Read 9 tweets
16 Oct
Hashim Shah was a Punjabi poet of Arabic descent. At one point, he joined a rebellion against Sikh rule; but was pardoned by Maharaja Ranjit Singh and even given a jagir on account of his beautiful poetry. He would go on to write the renown ballads of Sassi-Punnu & Sohni-Mahiwal. Image
The cultural footprint of these poems lasts even today; the folk song "Dachi Waleya" is often associated with Sassi pining for Punnu, and in rural Punjab there is even a saying to "never trust a Baloch" associated with the story.

As for Sohni-Mahiwal; Sobha Singh's beautiful painting depicting the two lovers is probably its most iconic legacy (a staple on the walls of many Punjabis' homes, including my own). Image
Read 5 tweets
15 Oct
Some USA Sikhs are total hypocritical crybabies - they mock Nihang bana for doing “dress-up”, mock their celebration of traditions as “where are your battle formations when you need them”...

...but then cry about people being “toxic” to them for calling them an out of touch ਨਚਾਰ
Why do these wannabe activists think that personal insults and divisive rhetoric are okay when they’re passively aggressively throwing shade at a jatha they ideologically disagree with, but get mad when people bluntly respond to them and call them out for it?
One of the greatest things I think Nihangs in UK are doing is cultivating a culture of outdoorsman activities and survival skills - a honorable way of maintaining the nomadic tradition of the Khalsa even while in the West!

And this is what these self-righteous idiots call it: Image
Read 8 tweets
15 Oct
Great article. The introduction itself supports what farmers have been saying over and over again about their opposition to the bills - the proposed economic gains of a freer market are short-term, and it is effectively the writing on wall for MSP/income insurance. Image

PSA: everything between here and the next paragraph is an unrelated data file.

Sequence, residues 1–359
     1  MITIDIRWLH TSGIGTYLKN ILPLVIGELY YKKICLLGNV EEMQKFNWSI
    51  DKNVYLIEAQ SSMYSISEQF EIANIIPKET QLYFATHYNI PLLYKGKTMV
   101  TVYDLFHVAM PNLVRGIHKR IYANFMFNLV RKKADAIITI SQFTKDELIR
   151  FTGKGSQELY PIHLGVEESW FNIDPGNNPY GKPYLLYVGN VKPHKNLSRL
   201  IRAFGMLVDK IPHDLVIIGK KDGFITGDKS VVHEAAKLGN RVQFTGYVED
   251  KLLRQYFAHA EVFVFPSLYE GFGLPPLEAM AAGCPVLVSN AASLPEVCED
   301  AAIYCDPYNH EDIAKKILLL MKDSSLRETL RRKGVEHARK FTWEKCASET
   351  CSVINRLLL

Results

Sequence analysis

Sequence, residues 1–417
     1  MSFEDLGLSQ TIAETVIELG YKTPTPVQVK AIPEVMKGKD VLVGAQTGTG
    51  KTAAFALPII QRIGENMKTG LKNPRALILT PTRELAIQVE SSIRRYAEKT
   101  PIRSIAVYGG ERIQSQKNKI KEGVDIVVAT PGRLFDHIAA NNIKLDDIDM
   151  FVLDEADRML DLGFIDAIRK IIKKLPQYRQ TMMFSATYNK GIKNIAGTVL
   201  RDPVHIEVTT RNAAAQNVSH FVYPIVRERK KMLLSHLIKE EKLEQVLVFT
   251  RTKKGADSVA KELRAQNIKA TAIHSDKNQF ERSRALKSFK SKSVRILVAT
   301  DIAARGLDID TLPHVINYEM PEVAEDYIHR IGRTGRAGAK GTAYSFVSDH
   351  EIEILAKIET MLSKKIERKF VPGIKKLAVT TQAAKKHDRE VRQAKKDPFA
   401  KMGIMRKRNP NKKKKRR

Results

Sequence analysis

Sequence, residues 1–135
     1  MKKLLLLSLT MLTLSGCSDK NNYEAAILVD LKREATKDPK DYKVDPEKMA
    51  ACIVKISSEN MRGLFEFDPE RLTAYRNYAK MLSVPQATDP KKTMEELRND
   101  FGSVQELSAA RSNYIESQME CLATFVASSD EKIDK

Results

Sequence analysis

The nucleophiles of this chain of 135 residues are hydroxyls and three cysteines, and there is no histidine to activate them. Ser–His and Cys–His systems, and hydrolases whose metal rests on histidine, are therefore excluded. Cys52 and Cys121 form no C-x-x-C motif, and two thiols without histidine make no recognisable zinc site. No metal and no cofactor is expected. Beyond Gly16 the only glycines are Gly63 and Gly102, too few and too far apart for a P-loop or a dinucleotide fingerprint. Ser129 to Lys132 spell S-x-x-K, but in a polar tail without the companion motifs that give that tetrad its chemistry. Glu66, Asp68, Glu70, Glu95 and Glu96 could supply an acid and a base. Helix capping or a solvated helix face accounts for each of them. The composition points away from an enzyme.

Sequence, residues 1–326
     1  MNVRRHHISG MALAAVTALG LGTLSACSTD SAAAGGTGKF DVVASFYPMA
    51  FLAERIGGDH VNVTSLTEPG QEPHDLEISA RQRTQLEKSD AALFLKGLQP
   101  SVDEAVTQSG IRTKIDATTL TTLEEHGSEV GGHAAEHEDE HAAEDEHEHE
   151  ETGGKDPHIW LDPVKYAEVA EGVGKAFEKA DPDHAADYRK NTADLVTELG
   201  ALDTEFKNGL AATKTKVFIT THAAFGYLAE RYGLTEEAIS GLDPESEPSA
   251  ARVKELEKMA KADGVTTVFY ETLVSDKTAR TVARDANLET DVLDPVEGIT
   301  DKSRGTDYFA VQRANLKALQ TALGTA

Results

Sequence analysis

Maybe if the BJP stalwarts, both the headmasters in Delhi and their eager cheerleaders from the metros of India and the West, stopped mocking farmers’ intelligence with “Agriculture University” and listened, they could learn a thing or two and start a productive dialogue Image
Instead, the center did the exact opposite - didn’t let the farmers have a chance to speak, spoke down to them, issued a threat about violence, and ushered them away. Callous, reckless, and arrogant attitude - indeed befitting of the Congress Dilli sarkar preceding them.
Read 4 tweets
18 Sep
The Sikh scholars did give a direct quote you illiterate hack - why have you CONTINUED to ignore how the introduction to it quite literally tarred the entire diaspora Sikh community memory as “self-victimization” to “seduce” politicians?
Your paper’s only mention of the massacres in 1984 (BTW, I hope you recognize that state violence was not just limited to the genocide in North India in November of 1984) was to say, “yeah it’s bad but I’m sure *Punjabi* Sikhs remember Muslim mobs as the real villains”
Are you really this thick Terry? The reason they specifically noted that diaspora Sikh voices also call out Pak is tht your entire article relegated diaspora experience to being manipulated/controlled by Pakistan - which may be true for some, but NOT all

Read 11 tweets
28 Aug
Most Hindutva thought is lazy because it rests its assumptions on “Neo-Sikhs”

This thread, for example, arbitrarily localizes Khalsa Raj as a local Punjabi political philosophy - when it explicitly was envisioned for the world.
Khalsa Raj was not seen as just a tidy arrangement inside an akhand-bharat; the assumption was that eventually, any type of akhand bharat would be ruled by Khalsa-Sikhs, and they’d go even beyond the scope of that geographical territory.

The irony is that this thread perfectly exemplifies the original thread - which discussed limitations Hindutva has with understanding precolonial “Sanatan” thought.

What in the world is a “half-Hindu”? Is that someone who practices half “Hinduism” and half “Sikhism”?
Read 7 tweets